"dipsticks" are becoming available, but not 100% effective for assaying if the reef fish you are eating are free of ciguatera. When traveling in such areas its usually best to BUY your fish from the local population who know which fish and when these fish are free from ciguatera
en.wikipedia.org/wiki/Ciguatera‎
 

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I am in my 11th year as a full time liveaboard cruiser and would have died of starvation had I been relying on the fish I caught while trolling on passage. Sure we catch some but not enough.

However in the 90s when I was on a tight budget and underwater hunting with a spear gun was less regulated, myself and the cats ate pretty well. I would have been able to eat fish every day.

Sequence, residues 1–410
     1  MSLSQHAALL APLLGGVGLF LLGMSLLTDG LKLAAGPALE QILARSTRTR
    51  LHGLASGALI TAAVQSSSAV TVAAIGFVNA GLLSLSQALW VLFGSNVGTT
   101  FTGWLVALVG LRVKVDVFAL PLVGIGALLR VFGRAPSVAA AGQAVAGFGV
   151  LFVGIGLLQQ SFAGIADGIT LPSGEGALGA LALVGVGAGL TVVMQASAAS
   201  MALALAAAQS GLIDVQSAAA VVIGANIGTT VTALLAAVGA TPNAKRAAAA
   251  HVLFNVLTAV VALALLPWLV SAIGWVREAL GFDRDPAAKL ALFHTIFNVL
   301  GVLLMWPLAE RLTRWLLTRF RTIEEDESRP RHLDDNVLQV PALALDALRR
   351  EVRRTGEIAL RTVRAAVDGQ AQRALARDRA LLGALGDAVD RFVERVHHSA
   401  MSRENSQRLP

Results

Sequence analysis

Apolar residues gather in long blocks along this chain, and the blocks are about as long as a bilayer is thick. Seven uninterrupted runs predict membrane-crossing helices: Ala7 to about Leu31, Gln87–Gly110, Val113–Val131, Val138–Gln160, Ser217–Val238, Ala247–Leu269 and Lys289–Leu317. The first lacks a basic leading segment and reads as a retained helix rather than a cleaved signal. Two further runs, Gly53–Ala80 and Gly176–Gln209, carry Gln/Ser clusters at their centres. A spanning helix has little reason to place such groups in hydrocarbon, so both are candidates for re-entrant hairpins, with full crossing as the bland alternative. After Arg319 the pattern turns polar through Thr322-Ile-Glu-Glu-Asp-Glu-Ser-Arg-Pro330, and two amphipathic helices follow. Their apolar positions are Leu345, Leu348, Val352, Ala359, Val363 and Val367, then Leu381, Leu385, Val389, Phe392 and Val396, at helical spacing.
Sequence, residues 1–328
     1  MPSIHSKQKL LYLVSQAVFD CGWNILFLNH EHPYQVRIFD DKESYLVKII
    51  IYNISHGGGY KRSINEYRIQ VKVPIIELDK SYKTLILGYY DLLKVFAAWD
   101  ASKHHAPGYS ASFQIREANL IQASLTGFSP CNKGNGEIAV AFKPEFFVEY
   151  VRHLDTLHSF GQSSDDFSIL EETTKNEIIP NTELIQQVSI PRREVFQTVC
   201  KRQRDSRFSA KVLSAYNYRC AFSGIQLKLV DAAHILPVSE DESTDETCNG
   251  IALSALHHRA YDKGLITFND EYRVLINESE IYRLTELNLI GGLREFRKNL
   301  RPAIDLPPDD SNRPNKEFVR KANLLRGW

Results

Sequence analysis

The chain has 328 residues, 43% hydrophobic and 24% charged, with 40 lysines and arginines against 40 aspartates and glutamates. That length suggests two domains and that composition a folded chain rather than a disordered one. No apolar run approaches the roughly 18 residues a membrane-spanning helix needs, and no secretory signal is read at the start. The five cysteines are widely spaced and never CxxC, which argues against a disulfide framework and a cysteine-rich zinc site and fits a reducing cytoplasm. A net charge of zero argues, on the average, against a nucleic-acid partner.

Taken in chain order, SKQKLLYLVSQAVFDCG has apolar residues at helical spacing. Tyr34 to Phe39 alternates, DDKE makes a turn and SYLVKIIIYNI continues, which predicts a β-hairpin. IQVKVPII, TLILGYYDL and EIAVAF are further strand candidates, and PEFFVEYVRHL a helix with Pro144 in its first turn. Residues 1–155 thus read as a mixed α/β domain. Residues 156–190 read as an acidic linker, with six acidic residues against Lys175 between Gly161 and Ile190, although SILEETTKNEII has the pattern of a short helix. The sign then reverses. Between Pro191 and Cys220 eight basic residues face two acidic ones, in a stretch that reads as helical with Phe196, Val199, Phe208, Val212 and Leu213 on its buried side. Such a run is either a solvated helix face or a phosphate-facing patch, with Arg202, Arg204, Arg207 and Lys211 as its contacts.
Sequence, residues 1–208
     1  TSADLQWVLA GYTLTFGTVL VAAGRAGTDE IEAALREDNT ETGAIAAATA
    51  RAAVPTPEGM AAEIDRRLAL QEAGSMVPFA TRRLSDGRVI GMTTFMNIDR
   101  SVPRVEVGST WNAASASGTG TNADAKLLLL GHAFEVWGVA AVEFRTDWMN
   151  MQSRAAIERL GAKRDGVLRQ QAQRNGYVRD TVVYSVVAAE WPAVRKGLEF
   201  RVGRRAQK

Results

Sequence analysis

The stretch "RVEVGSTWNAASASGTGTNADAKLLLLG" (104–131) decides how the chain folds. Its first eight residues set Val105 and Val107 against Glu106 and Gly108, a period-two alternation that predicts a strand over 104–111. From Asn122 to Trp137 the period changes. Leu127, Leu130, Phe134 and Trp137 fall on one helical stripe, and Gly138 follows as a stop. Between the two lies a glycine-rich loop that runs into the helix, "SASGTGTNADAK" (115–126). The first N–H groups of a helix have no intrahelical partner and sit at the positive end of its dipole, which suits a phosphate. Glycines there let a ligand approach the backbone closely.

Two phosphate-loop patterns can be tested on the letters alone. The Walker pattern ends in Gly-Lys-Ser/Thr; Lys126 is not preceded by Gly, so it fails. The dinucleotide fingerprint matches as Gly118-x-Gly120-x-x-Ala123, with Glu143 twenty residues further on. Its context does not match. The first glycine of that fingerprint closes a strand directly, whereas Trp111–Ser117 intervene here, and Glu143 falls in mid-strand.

Nowadays spear fishing is much more regulated, i.e. basically banned for cruisers in the Eastern Caribbean except for the French islands so you might have to go with line fishing.

This will still be pretty successful but it will take longer, a lot longer! Best bait will be small live fish which you catch with a trap or cast net.

The local fisherman are your best guide as to which areas and fish are safe. Cultivate them.

There is an exception to the ban on spearfishing in the Eastern Caribbean, lionfish are not native to this area but have spread throughout the area. Most islands seem to be in the process of getting more aware of the problem and relaxing the rules to allow lionfish to be taken by any means including spearfishing.

They are supposed to be good eating!
 

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Lionfish are excellent table fare, however, handling them can be extremely dangerous. The tip of each spine is a small hypodermic needle filled with toxin. While an adult is unlikely to die from an inflicted wound, the pain can be absolutely excruciating.